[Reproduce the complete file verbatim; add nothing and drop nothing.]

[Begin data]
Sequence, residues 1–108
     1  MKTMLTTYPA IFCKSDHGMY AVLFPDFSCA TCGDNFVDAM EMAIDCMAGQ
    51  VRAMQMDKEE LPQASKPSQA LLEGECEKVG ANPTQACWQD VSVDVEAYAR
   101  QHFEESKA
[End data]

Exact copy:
Sequence, residues 1–108
     1  MKTMLTTYPA IFCKSDHGMY AVLFPDFSCA TCGDNFVDAM EMAIDCMAGQ
    51  VRAMQMDKEE LPQASKPSQA LLEGECEKVG ANPTQACWQD VSVDVEAYAR
   101  QHFEESKA